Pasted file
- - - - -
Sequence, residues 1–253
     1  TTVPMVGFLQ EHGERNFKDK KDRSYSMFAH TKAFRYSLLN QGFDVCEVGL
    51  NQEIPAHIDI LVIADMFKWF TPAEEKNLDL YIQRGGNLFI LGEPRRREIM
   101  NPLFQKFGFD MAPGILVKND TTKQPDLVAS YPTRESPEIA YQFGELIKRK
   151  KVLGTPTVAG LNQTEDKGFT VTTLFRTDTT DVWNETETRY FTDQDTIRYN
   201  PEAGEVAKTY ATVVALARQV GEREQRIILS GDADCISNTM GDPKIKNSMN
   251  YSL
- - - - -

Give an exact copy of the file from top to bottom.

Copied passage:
Sequence, residues 1–253
     1  TTVPMVGFLQ EHGERNFKDK KDRSYSMFAH TKAFRYSLLN QGFDVCEVGL
    51  NQEIPAHIDI LVIADMFKWF TPAEEKNLDL YIQRGGNLFI LGEPRRREIM
   101  NPLFQKFGFD MAPGILVKND TTKQPDLVAS YPTRESPEIA YQFGELIKRK
   151  KVLGTPTVAG LNQTEDKGFT VTTLFRTDTT DVWNETETRY FTDQDTIRYN
   201  PEAGEVAKTY ATVVALARQV GEREQRIILS GDADCISNTM GDPKIKNSMN
   251  YSL